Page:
Unlike John Huston who would frequently direct some light fare after a “heavy” picture, Alfred Hitchcock would often follow a dark film with an even darker one, and the over-all landscape of his oeuvre shows a gradual darkening, often meaning a growing explicitness. After all, did not The Birds follow Psycho? It would be hard, though, to know which is the more frightening—the menace in both is often unseen. And after two films of political intrigue, Torn Curtain and Topaz, both far below Hitch’s high standards, came his most sexually vulgar effort, Frenzy.
But, no, this thinking isn’t always correct. The reverse is just as often true. After a warning, in 1940, that World War II could spread to American shores in Foreign Correspondent, the director relaxed with Mr. and Mrs. Smith, his only romantic comedy. It was more as a favor to Carole Lombard than any urgent need of expression. Fifteen years later, after two fluffy films, To Catch a Thief and The Trouble with Harry, came the remake of The Man Who Knew Too Much, which, despite the advantages of VistaVision and Technicolor, many regard as inferior to the 1934 original.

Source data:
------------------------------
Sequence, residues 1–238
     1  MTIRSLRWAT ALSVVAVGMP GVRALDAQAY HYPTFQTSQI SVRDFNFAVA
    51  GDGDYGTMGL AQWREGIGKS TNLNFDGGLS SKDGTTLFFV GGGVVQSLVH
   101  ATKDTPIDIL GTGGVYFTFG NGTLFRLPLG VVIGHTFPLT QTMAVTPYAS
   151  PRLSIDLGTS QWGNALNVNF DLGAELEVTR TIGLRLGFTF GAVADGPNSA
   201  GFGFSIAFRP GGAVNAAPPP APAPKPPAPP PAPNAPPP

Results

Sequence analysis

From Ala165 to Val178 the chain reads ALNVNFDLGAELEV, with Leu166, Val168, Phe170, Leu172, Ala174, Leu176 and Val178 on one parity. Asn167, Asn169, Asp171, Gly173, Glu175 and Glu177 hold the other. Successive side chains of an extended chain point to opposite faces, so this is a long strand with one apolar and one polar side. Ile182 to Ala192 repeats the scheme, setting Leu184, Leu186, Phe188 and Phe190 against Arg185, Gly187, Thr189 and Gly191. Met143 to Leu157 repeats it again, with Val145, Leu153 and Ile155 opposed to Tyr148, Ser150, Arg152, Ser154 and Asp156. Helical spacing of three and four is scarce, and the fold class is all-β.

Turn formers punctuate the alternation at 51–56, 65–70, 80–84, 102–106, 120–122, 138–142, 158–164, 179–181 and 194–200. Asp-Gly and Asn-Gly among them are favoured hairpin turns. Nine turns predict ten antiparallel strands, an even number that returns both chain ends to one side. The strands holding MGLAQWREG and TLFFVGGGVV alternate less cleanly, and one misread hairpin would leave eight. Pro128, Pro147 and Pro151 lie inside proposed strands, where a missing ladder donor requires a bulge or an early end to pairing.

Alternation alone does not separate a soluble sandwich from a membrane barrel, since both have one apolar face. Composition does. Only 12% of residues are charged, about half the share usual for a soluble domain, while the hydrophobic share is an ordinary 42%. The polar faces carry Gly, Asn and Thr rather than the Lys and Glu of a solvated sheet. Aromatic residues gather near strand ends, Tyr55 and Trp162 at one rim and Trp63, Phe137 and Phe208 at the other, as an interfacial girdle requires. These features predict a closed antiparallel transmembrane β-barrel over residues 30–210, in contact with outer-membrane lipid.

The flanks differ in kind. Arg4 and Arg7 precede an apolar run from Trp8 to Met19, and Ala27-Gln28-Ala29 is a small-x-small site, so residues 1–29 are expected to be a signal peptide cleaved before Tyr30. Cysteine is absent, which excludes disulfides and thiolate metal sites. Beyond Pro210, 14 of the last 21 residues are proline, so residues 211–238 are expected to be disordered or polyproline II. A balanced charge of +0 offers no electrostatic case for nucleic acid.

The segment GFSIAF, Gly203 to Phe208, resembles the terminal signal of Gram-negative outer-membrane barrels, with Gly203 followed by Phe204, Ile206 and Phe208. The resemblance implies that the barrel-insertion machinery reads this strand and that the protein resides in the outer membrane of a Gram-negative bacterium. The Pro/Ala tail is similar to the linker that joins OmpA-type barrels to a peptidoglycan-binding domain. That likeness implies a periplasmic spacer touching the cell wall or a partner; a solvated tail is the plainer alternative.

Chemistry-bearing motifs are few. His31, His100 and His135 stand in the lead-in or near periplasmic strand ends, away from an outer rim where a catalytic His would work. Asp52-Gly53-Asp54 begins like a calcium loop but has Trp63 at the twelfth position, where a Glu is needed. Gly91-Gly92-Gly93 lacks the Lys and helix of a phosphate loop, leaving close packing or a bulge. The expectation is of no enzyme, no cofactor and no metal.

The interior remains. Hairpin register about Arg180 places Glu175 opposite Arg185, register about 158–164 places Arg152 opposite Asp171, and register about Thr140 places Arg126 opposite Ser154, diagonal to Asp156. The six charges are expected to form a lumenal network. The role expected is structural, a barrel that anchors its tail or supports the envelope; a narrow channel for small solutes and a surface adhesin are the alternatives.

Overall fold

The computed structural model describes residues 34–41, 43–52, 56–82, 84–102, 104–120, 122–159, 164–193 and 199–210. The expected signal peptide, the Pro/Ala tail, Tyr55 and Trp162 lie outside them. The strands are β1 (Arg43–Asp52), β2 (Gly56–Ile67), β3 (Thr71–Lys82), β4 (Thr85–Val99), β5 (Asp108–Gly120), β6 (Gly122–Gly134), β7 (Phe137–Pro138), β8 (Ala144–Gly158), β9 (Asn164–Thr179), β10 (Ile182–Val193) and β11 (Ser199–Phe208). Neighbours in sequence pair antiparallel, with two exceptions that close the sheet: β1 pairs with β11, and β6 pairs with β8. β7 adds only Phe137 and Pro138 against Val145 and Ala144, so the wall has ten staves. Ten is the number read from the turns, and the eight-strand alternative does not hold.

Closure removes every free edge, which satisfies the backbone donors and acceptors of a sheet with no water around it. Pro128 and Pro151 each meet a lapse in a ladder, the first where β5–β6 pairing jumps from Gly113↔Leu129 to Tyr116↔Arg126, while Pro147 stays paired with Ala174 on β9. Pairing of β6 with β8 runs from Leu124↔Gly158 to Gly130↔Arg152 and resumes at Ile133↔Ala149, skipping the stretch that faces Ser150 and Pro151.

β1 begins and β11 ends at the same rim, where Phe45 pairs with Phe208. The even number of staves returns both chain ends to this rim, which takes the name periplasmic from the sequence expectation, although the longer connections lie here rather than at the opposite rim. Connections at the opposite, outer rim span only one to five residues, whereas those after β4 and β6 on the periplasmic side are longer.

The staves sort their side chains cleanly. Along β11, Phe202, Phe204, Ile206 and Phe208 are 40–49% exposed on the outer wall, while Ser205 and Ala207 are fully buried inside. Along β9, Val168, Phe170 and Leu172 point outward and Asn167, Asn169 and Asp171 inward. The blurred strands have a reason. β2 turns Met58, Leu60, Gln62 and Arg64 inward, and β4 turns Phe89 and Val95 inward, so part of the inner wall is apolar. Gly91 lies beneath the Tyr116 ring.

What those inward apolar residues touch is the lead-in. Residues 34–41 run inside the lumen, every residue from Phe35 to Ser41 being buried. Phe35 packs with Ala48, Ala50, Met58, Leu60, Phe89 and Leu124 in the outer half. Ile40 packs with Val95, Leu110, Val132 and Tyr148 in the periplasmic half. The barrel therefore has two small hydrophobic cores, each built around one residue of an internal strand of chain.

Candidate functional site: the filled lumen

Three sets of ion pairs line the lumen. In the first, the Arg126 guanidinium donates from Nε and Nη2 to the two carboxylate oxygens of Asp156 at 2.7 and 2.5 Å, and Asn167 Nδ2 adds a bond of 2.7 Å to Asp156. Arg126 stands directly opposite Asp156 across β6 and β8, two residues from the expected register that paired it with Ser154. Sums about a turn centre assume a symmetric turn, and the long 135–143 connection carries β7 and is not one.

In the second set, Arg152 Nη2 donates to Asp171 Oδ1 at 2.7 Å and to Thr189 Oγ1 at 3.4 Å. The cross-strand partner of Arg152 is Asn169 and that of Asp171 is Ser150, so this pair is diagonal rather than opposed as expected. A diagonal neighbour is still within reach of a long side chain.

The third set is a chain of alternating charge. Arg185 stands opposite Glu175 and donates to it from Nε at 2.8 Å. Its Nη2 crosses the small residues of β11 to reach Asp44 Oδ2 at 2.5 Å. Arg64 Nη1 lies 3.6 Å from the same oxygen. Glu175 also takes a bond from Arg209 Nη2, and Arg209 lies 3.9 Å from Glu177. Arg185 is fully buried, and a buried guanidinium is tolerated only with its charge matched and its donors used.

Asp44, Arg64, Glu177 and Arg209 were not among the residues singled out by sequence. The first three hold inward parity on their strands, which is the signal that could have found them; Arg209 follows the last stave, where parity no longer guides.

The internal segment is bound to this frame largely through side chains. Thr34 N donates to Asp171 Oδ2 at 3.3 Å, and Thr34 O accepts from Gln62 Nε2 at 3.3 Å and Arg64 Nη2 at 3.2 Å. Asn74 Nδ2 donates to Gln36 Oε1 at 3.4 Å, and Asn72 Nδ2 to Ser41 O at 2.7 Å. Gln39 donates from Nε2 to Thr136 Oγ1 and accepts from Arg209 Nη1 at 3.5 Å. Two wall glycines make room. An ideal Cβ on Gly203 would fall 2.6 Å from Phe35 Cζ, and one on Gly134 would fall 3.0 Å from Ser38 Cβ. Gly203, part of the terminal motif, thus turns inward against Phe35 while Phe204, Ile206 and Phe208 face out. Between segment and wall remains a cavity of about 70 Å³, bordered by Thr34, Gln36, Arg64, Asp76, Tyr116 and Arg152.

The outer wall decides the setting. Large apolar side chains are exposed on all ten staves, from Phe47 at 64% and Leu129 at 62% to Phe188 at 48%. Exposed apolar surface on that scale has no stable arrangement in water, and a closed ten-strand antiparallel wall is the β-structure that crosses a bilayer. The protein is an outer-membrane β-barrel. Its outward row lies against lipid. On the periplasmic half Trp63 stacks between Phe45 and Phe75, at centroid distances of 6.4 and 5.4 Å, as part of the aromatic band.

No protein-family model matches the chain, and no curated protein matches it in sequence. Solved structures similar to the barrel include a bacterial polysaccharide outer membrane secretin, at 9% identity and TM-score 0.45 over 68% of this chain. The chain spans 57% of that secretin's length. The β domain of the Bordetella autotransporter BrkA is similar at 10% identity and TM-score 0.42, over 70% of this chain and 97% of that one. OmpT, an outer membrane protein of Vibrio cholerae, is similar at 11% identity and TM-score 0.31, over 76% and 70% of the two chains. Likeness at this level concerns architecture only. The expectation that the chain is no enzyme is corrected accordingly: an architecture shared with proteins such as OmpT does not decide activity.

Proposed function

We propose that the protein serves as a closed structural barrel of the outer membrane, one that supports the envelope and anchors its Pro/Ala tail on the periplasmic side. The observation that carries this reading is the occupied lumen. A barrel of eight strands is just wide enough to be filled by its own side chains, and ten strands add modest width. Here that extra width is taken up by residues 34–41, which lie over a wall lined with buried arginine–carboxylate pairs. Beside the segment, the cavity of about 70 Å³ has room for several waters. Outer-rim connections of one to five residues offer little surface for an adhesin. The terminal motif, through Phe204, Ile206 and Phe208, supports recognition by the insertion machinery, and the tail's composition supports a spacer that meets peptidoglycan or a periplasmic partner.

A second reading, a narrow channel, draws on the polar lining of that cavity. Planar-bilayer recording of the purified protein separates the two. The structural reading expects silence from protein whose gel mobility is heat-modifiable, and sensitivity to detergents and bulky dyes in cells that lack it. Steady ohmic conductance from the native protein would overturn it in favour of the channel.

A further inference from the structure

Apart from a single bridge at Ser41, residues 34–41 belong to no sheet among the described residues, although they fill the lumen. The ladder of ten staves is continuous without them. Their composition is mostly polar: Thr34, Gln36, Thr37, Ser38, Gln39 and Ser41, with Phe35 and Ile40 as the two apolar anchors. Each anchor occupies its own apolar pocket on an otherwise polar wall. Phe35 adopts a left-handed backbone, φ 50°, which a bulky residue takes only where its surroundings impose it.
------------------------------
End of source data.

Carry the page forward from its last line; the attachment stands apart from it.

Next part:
Though not totally unexpected—the previous movie, Young and Innocent, was also a comedy and a “journey” film—The Lady Vanishes remains a breed all its own, so light-hearted and, to a degree, so implausible in plot that it’s difficult to believe it ranks as one of Hitchcock’s masterpieces, but a masterpiece it is. François Truffaut, who conducted an extended interview with Hitch in 1962, later published in book form, considered The Lady Vanishes the most typical of all the director’s films.